Xi says China will not seek hegemony in Southeast Asia

Chinese leader Xi Jinping said on Monday that his country will not seek hegemony in Southeast Asia or…

BEIJING (AFP) – Chinese leader Xi Jinping said Monday that his country will not seek to dominate Southeast Asia or bully its smaller neighbors, amid ongoing friction over the South China Sea.

Xi made the remarks during a virtual conference with members of the Association of Southeast Asian Nations, or ASEAN, held to celebrate the 30th anniversary of relations between China and the assembly.

Two diplomats said ASEAN member Myanmar was not represented at Monday’s meeting after its military-installed government refused to allow an ASEAN envoy to meet with ousted leader Aung San Suu Kyi and other detained politicians. Military Governor General Min Aung Hlaing was also prevented from representing his country at the recent ASEAN summit.

China has repeatedly sought to overcome concerns about its growing power and influence in the region, particularly its claim to almost the entire South China Sea that overlaps with those of ASEAN members Malaysia, Vietnam, Brunei and the Philippines.

“China resolutely opposes hegemony and power politics, is willing to maintain friendly relations with its neighbors and jointly promote lasting peace in the region and will never seek hegemony or even less, but bully the young,” Xi said, according to Xinhua. “. .

Xi’s remarks came days after Chinese coast guard ships blocked and sprayed a strong stream of water on two Philippine boats carrying supplies for troops in disputed shallow waters in the South China Sea, forcing them to turn back.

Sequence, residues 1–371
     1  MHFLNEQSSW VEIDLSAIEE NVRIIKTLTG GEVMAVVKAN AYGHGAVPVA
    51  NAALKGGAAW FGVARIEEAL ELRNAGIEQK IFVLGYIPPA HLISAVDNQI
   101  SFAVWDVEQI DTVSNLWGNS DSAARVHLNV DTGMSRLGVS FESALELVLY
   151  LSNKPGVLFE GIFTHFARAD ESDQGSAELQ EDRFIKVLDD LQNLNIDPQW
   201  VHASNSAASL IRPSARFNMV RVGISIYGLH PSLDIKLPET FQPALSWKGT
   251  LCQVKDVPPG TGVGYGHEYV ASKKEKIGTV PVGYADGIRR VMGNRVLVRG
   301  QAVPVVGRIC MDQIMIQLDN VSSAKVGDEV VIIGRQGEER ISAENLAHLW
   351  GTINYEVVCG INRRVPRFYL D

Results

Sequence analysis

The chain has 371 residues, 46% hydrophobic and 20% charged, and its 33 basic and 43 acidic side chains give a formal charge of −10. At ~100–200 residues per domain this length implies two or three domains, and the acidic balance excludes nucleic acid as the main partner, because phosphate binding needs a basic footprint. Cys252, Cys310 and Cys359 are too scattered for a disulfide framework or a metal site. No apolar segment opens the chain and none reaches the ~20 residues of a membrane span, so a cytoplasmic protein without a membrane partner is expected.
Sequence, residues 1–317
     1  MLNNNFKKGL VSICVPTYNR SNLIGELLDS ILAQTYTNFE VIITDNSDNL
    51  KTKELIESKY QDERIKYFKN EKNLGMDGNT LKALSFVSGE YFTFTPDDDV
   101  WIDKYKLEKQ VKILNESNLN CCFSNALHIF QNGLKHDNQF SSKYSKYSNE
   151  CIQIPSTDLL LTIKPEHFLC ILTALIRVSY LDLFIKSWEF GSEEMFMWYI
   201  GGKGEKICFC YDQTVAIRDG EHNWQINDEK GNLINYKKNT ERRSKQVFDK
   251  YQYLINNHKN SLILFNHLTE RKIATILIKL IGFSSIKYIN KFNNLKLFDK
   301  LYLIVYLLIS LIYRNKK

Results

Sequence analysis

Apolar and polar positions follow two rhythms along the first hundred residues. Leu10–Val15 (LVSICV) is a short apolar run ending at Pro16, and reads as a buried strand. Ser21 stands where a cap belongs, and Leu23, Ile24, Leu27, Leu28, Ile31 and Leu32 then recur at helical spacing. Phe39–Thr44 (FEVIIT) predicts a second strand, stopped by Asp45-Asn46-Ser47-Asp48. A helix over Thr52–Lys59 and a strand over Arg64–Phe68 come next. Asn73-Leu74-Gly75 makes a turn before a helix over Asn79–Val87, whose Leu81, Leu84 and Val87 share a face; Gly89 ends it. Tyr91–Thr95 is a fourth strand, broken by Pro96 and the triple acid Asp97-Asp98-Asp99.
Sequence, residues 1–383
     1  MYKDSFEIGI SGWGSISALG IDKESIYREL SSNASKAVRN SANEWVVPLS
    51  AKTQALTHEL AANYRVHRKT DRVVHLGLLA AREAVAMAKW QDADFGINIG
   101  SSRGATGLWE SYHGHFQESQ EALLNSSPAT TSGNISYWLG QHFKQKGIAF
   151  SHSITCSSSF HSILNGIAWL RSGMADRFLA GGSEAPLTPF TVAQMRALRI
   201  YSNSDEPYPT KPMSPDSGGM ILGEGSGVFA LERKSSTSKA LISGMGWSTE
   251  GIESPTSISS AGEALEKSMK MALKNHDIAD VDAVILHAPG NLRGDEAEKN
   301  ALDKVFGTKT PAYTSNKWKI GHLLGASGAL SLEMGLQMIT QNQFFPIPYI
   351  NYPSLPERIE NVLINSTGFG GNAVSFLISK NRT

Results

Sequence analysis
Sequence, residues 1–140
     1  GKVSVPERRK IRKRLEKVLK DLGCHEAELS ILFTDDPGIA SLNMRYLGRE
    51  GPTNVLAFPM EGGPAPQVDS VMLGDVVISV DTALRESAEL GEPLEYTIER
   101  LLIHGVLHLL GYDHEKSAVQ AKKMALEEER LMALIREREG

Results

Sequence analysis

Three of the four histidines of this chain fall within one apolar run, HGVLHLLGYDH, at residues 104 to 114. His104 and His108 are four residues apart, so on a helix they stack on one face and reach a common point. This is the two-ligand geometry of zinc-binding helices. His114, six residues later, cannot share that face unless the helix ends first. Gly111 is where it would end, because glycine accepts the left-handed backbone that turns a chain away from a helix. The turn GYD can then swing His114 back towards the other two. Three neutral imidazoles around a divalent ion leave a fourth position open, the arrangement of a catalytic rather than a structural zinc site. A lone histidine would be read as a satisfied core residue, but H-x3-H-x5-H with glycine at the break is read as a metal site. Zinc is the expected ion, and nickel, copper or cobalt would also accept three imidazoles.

Philippine President Rodrigo Duterte highlighted the incident in his remarks at the conference, referring to the shoals by its Filipino name.

“We hate the recent event at Ayungin Shoal and view other similar developments with great concern. “This does not reflect well the relations between our two countries and our partnership,” Duterte said, according to a statement issued by his office.

Duterte also called on China to respect the 1982 United Nations Convention on the Law of the Sea that establishes maritime entitlements and sovereign rights over maritime areas, along with an arbitration ruling in The Hague in 2016 that invalidated China’s claims in the South China Sea. China refused to recognize the ruling.

“We must make full use of these legal tools to ensure that the South China Sea remains a sea of ​​peace, stability and prosperity,” Duterte said.

On Monday, the Philippines redeployed two supply boats to provide food for Marines stationed at Second Thomas Shoal aboard a World War II-era warship that deliberately ran aground in 1999 in a move to bolster the country’s claim. Chinese ships surrounded the shoals and the Philippines demanded the withdrawal of the BRP Sierra Madre.

In a daily briefing on Monday, Chinese Foreign Ministry spokesperson Zhao Lijian reiterated China’s position on the 2016 arbitration ruling and claimed that its “territorial sovereignty and maritime rights and interests in the South China Sea are backed by sufficient historical and legal basis.”

“Any attempt to challenge China’s sovereignty and interests will not succeed,” Zhao told reporters. “At present, the situation in the relevant waters of the South China Sea is generally calm, and China and the Philippines maintain close contact.”